The landing-ground at Katherine was very rough, and I had to watch carefully for anthills and guide the machine over a number of gum suckers before touching down on the rough surface. My annoyance at the unscheduled stop and subsequent delay gave way to pleasure at the cheery welcome I received from the willing helpers who carried the heavy tins of petrol to refuel the escort machine.

I met Dr Fenton, "the Flying Doctor," about whom I had heard so much. No distance, it seemed, was too great for "the Flying Doctor," who, piloting his own Moth, visited isolated stations in the Northern Territory to render aid. These people in the "Never Never" regard the aeroplane as a necessity, and it certainly is, for in the rainy season some of the stations are inaccessible by any other means. I found later that some children on the stations of Central Queensland, who were quite used to the arrival of the mail 'plane, had never seen a train or a boat.

As we flew southward I began to wonder how people ever managed to exist on the isolated ranches ofpage 81Northern and Central Queensland before the advent of the aeroplane. After another stop for petrol at Daly Waters, where we found a good aerodrome, we located the track, and followed it as it wound through the bush towards Newcastle Waters. The railway we had left at Birdum, where it terminated, 275 miles south of Darwin, and until we reached Cloncurry, 700 miles farther on, the only means of finding our way was by stock routes and water-bores. It is extremely unwise to steer by compass when flying across the featureless country comprising the greater part of the Central and Northern Territory of Australia if the aeroplane is not fitted with radio.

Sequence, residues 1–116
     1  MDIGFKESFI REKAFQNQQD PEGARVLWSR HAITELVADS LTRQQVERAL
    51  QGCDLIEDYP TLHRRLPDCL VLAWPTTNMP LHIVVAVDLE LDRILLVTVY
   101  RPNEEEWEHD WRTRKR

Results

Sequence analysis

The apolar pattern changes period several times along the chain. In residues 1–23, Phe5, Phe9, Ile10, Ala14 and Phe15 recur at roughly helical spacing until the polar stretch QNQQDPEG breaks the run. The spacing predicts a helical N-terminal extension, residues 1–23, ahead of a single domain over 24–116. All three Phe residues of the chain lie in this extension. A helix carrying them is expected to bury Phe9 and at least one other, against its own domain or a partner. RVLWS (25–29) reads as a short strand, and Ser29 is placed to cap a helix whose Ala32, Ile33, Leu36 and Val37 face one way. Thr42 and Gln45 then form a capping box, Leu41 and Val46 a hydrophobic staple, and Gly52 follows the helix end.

The arrival in Sydney was a triumph. I found several thousands of the warm-hearted Australian people waiting to greet me at the Mascot Aerodrome, and I shall always remember that particular reception, for it was a big milestone in my career: not only for the fact that I had made my first big solo flight, but I had gained valuable experience. On my arrival I had no idea that I should be asked to make a speech, having never before even attempted to speak in public. I listened with growing uneasiness to the various speakers, until at last a great roar went up from the crowd, and I found myself standing alone in front of the microphone being filmed making my maiden speech. That marked the beginning of a great series of receptions given in my honour at which I was to receive the warm hospitality of the Australian people.